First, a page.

More Bodies Found As Search in Full Swing After AirAsia Crash

Indonesian military personnel in Surabaya carry one of two coffins with remains recovered from the AirAsia crash site as they arrive at Juanda Airport, in Surabaya. Photo EPA/MADE NAGI

By Ahmad Pathoni

JAKARTA (DPA) – More bodies were found Friday as the search was in full swing for the flight recorders and fuselage of the AirAsia plane that crashed off Indonesia with 162 people on board. 

Twenty bodies were recovered from the sea off Borneo island Friday, bringing the confirmed death toll to 30, search chief Bambang Sulistyo told reporters. 

A US navy Seahawk helicopter unloaded 8 of the bodies in Pangkalan Bun, a town in Central Kalimantan province, after they were retrived from the sea by a US navy ship, officials said.

The captain of an Indonesian navy ship said it had detected what appeared to be the tail of the plane at the bottom of the ocean. 

"We managed to detect the tail of the aircraft using the side-scan sonar," the captain of the KRI Bung Tomo, Colonel Yayan Sofyan, said on Metro TV.

He said the object was on the sea bed at a depth of 29 metres. 

Search chief Bambang said the hunt for the aircraft's fuselage and the flight recorder was focused on an area of 1,575 square nautical miles (about 5,400 square kilometres), involving ships equipped with sonar technology and signal detectors.

The cockpit voice recorder and the flight data recorder, also known as black boxes, are key to shedding light on what went wrong with the flight, which was AirAsia's first fatal crash.

At least three Indonesian ships were in the area, as well as one from Singapore, and one from the United States. Divers from the Indonesian Navy were also involved in the search. 

Seventeen aircraft and 29 ships were taking part in the wider search, he said. 

The head of Indonesia's National Transport Safety Committee, Tatang Kurniadi, said five hydrophones were ready to be deployed to detect acoustic signals underwater.

Two of the hydrophones were from Singapore and one from Britain, he said. 

"We are racing against time," Tatang said. "The signal lasts only 30 days and if the signal is dead, we will have to use remotely operated vehicles to locate them, which will be more difficult."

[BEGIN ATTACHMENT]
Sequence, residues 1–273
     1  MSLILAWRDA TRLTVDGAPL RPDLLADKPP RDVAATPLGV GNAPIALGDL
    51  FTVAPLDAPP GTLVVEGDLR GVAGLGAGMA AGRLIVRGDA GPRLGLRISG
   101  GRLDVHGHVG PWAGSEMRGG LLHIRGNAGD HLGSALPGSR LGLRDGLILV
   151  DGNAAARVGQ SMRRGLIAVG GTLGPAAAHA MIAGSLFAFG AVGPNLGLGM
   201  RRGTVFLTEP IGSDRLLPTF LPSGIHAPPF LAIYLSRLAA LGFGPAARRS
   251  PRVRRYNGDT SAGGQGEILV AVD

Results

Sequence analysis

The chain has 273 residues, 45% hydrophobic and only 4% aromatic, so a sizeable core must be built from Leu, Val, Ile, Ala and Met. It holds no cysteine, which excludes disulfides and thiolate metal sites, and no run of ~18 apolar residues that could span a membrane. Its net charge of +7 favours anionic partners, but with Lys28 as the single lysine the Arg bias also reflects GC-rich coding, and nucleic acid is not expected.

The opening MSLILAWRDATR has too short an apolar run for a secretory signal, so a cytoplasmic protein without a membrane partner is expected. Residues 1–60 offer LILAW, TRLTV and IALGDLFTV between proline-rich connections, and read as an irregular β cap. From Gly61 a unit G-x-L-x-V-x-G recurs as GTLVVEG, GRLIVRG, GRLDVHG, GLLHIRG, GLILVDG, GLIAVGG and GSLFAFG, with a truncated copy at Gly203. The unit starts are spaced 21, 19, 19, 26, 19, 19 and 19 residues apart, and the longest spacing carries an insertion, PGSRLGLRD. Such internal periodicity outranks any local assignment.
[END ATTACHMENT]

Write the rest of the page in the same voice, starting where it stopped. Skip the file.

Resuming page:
Hydrophones will not work effectively during high seas because of the extra noise, he said, as weather conditions improved around the search area.

"This morning weather is quite good but there's still light rain," Bambang said early in the day.

The remains of the victims will be transported to Surabaya, where the AirAsia Indonesia flight departed, for identification.

The first victim officially identified was passenger Hayati Lutfiah Hamid, who was buried by her family on Thursday.

Three more victims were identified Friday, including 22-year-old flight attendant Khairunnisa Haidar Fauzi and Kevin Alexander, an Indonesian student at Monash University in Australia.

Their remains were handed over to their families in a solemn ceremony in Surabaya.

AirAsia chief executive Tony Fernandes said in a message on Twitter that he would accompany the remains of Khairunnisa to her home in Palembang in South Sumatra province. 

"I cannot describe how I feel. There are no words," he tweeted. 

Flight QZ8501 crashed Sunday halfway through a two-hour flight between Surabaya, Indonesia's second-largest city, and Singapore.

The Airbus A320-200 last made contact with air traffic control in Jakarta to request permission to ascend to avoid bad weather.

When air traffic control contacted the plane a few minutes later to tell the pilots that they could make a limited ascent, there was no response.

AirAsia said 155 of the people on board were Indonesians. The others included three from South Korea, and one each from Singapore, Malaysia, France and Britain.

 

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For comments, or corrections to this article please contact: [email protected]

You can also find Khaosod English on Twitter and Facebook
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